I'm sure this has been asked before, but the proofs I've seen use the fact R is connected or continuous functions is some way. I'm trying to prove it with the things that have only been presented in the book so far (Mathematical Analysis by Apostol).(adsbygoogle = window.adsbygoogle || []).push({});

So, let A be a subset of R which is both open and closed. Assume A is non-empty. I want to end up showing A = R.

Now A is open so by the Representation theorem for open sets in R, A is the union of a countable collection of disjoint component intervals of A. Denote these intervals by [itex] I_{k} = (a_{k},b_{k}) [/itex]

But both [itex]a_{k}[/itex] and [itex]b_{k}[/itex] are accumulation points of A, and so must belong to A (for A is closed).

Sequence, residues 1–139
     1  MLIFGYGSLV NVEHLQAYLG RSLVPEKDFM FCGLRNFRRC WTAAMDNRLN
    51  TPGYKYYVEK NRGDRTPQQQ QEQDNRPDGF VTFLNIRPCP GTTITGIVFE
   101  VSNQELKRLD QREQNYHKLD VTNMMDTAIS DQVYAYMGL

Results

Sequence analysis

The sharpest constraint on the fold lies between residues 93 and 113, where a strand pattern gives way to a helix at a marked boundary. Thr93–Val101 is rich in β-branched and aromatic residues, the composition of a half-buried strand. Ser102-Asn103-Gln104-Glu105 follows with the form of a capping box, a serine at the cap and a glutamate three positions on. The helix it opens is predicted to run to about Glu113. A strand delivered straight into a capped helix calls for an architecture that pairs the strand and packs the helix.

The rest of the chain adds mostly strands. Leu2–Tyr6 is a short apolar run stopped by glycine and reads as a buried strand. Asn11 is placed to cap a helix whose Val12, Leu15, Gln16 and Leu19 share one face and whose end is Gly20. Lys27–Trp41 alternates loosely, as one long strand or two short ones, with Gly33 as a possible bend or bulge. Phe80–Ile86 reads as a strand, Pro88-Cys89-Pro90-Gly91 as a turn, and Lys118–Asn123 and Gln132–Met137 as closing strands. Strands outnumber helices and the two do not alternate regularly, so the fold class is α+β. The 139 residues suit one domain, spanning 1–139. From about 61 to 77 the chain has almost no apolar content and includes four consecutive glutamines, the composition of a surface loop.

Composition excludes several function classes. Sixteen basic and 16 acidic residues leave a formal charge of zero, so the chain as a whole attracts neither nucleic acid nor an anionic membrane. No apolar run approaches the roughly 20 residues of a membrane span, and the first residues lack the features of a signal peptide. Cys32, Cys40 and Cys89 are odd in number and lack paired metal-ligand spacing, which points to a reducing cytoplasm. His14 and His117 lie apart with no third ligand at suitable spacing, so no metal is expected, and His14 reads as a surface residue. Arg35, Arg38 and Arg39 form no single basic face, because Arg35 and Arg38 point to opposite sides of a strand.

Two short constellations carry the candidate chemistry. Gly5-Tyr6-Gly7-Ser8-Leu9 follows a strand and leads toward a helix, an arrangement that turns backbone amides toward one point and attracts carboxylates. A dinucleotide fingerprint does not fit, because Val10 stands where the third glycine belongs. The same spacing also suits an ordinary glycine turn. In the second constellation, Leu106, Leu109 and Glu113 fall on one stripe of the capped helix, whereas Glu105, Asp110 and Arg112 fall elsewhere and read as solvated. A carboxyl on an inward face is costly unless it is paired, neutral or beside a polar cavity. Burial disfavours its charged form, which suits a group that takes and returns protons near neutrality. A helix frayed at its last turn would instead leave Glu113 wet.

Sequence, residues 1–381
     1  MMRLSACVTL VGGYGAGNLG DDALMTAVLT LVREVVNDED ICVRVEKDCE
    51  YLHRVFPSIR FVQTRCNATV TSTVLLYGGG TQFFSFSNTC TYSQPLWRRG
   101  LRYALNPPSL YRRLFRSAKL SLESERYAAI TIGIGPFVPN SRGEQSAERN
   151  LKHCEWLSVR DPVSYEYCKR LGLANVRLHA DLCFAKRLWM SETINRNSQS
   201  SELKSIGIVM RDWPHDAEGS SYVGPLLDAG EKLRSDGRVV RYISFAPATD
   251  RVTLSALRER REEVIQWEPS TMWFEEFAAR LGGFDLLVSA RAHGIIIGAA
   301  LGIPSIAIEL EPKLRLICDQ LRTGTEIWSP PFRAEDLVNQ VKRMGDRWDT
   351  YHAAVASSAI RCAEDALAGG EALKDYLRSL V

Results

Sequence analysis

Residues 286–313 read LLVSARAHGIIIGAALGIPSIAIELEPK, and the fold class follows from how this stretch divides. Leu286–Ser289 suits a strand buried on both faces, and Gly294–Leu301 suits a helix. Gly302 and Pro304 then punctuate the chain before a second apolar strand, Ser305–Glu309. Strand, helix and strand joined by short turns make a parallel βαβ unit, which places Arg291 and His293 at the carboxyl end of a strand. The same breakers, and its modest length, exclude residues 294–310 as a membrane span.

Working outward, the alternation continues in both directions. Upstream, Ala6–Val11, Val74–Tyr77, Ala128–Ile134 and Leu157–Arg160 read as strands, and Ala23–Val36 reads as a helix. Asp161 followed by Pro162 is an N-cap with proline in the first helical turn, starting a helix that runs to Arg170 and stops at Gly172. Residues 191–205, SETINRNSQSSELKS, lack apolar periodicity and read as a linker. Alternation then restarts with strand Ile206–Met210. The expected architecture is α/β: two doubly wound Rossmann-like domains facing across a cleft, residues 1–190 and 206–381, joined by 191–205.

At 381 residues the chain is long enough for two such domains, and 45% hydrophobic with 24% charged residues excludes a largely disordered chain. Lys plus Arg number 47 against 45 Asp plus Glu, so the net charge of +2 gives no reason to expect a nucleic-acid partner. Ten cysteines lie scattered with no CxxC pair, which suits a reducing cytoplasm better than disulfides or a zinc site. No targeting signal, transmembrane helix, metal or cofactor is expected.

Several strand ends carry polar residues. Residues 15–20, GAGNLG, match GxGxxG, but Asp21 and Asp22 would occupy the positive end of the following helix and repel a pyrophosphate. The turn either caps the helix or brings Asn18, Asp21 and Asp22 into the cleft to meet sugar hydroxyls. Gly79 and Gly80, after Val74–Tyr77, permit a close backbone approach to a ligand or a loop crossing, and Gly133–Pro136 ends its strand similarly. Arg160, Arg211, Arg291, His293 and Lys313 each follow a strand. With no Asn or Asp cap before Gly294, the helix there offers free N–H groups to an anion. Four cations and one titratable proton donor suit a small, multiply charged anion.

I'm not really sure how to proceed, or if I'm even using the right path. Would I then say, since A is open there is an r>0 such that [itex] (b_{k}-r,b_{k}+r)[/itex] is in A. Then use the representation again on this, and reiterate to conclude the whole real line is in A?

**Physics Forums | Science Articles, Homework Help, Discussion**

Join Physics Forums Today!

The friendliest, high quality science and math community on the planet! Everyone who loves science is here!

The friendliest, high quality science and math community on the planet! Everyone who loves science is here!

# Closed and Open sets in R (or 'clopen')

**Physics Forums | Science Articles, Homework Help, Discussion**